New head coach. New players. New year. The Montreal Canadiens are hoping for another deep playoff run.
The Montreal Canadiens have had an interesting last two years. In 2016, Carey Price went down with a serious injury missing most of the season and it showed in the team’s overall record. The Canadiens finished with a 38-38-3 record and missed the playoffs for the first time since the 2011-12 season. 2017 was a turn around year for Montreal with Price healthy and ready to go and massive changes to the team’s blueline. P.K Subban was traded for Shea Weber and KHLer Alex Radulov was brought in on a one year deal. The team had a promising season winning the Atlantic Division with a 47-26-7 record before ultimately being outsted by the New York Rangers in the first round.
However, despite the success the Canadiens experienced in 2017, changes were coming. As Montreal began to hit a skid towards the end of the season, longtime head coach Michel Terrien was fired and replaced with former Boston Bruins head coach Claude Julien. As a coach who’s won the Stanley Cup in Boston, he’ll likely be able to get a lot out of his players and a fresh face is usually good for a struggling team. Overall I think the choice to fire Therrien and bring in Julien was a good one.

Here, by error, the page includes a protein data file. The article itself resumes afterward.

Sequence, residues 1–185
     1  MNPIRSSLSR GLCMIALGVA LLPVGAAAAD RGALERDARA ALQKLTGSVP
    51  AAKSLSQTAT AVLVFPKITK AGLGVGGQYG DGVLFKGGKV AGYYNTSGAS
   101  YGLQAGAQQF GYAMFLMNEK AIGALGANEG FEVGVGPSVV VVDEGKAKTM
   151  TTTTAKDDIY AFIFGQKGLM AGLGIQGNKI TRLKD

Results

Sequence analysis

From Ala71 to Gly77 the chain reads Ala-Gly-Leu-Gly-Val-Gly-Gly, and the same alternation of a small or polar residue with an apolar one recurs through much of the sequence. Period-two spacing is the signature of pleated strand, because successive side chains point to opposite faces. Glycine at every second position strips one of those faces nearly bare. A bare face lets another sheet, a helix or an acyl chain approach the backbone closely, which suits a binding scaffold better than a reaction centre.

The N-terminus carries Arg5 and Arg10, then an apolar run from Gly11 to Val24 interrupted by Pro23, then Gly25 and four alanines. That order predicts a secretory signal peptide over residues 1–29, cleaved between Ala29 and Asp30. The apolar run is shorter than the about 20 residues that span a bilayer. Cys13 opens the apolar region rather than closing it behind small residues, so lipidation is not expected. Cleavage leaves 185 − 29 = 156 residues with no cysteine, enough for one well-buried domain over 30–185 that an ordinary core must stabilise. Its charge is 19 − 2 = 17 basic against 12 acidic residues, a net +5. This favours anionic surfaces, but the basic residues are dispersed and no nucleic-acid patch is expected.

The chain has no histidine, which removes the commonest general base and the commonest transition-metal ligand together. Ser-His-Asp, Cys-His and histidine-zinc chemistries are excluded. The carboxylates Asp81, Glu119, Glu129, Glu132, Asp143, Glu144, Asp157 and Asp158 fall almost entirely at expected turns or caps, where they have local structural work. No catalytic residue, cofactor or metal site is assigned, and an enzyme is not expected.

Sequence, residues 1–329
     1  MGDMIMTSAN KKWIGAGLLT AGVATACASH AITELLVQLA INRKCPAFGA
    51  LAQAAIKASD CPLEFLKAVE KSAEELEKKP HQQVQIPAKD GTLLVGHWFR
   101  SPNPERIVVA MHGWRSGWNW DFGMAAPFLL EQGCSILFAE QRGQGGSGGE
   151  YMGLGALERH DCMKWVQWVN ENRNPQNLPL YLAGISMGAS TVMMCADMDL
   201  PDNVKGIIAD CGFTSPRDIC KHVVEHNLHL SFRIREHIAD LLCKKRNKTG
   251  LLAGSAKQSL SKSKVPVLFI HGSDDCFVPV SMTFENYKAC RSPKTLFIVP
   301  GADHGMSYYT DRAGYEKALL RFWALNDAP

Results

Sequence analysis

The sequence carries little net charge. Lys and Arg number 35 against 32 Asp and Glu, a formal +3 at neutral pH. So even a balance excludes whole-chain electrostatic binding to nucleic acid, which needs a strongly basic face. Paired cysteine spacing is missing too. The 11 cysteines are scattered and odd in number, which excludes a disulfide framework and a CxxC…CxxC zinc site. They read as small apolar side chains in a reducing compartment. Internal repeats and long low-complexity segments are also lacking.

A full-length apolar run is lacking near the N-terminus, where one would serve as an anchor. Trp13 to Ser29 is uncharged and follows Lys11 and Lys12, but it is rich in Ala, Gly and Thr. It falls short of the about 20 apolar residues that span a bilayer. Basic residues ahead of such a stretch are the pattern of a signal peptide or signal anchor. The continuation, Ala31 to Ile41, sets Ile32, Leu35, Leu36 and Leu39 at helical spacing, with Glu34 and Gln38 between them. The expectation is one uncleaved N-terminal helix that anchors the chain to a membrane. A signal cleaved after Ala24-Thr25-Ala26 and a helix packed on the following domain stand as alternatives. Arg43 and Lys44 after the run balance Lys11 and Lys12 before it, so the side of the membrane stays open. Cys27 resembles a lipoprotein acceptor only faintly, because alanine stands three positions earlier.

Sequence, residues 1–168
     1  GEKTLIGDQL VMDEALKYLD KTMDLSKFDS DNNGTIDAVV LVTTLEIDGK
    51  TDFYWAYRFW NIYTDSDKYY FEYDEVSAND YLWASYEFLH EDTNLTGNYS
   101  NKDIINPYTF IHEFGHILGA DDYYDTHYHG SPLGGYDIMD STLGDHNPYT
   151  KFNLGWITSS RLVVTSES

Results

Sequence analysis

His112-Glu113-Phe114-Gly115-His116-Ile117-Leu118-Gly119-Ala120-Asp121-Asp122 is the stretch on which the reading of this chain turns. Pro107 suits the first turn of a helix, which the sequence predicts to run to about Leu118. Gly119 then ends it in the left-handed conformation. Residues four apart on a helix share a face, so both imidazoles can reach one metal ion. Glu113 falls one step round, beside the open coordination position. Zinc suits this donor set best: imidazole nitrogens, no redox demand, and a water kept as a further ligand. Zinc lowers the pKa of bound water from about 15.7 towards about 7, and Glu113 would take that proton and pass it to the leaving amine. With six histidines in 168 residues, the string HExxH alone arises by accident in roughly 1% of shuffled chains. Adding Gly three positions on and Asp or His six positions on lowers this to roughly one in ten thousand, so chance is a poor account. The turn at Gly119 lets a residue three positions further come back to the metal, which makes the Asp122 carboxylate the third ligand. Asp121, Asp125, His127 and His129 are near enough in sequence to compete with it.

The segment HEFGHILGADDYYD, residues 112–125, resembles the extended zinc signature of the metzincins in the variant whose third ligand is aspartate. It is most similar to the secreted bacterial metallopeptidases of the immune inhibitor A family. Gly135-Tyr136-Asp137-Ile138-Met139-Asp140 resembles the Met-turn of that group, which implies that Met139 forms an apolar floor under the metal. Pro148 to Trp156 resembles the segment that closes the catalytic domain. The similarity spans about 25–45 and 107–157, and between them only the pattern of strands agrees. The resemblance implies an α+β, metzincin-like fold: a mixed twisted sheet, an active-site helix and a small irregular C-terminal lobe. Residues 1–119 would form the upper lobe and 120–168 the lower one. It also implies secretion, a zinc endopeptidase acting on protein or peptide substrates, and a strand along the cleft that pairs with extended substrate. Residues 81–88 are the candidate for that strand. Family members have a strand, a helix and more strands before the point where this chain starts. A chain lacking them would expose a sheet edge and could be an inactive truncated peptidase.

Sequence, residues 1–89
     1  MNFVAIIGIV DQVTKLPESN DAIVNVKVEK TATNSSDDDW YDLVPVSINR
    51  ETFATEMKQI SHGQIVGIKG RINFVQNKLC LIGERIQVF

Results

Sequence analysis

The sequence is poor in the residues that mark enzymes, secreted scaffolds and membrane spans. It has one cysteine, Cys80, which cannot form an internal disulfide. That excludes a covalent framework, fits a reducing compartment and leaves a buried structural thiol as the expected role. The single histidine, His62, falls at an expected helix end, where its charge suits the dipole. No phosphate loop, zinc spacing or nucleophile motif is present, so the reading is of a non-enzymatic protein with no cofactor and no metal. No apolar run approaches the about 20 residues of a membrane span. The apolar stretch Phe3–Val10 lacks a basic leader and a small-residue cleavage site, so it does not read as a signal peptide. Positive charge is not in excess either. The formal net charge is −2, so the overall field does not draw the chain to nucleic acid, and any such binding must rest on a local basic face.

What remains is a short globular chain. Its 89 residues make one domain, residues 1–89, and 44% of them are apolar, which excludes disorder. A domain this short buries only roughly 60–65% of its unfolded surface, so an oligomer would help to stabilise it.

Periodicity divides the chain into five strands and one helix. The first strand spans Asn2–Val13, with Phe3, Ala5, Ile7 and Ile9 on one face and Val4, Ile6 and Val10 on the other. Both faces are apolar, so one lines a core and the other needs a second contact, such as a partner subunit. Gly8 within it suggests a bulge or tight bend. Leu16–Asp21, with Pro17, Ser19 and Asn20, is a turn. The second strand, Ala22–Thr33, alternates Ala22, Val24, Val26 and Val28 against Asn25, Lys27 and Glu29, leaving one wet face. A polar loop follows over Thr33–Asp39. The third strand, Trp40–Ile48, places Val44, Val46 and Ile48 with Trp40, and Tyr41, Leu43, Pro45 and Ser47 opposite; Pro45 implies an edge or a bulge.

That wasn’t all of the changes that were made. Due to the team’s lack of scoring, in both the regular season and playoffs, Bergevin decided to make another monster trade and sent prospect Mikhail Sergachev to the Tampa Bay Lightning in return for Jonathan Drouin. Swiftly after completing the trade Drouin was signed to a six year, $33 million contract. Drouin, 22, experienced some tension with General Manager Steve Yzerman regarding icetime in 2016, but proved to be one of the Lightning’s best forwards in 2017. In 73 games played, Drouin finished third on the Lightning in scoring totaling 21 goals and 53 points. His play on the ice was electrifying and should pay dividends for Montreal in the upcoming season. On top of that, he brings versatility to the Canadiens. He has publicly stated that he can play both center and wing giving Montreal a lot of options regarding placing him in the lineup. A Quebec native, I believe Drouin has the potential to crack 30 goals and 60 points this season.
Although the Canadiens will take a big hit on offense from losing Radulov, I think there is still a lot of pieces for Montreal to work with. For starters, the team’s captain, Max Pacioretty is quite the scoring threat. Pacioretty, 28, has been with the Canadiens since the 2008-09 season and has quietly turned into one of the most dangerous goal scorers in the game. Despite getting off to a slow start, the Connecticut native scored 30 goals for the first time in the 2011-12 season. In every season since then, excluding the lockout shortened season, Pacioretty has scored at least 30 goals and 60 points, often leading the team in scoring. Last year Pacioretty led the Canadiens in scoring tallying 35 goals and 67 points in 81 games. There might be criticisms for his lack of scoring in the 2017 NHL playoffs, but he is still the best forward Montreal has and could very well break 40 next year.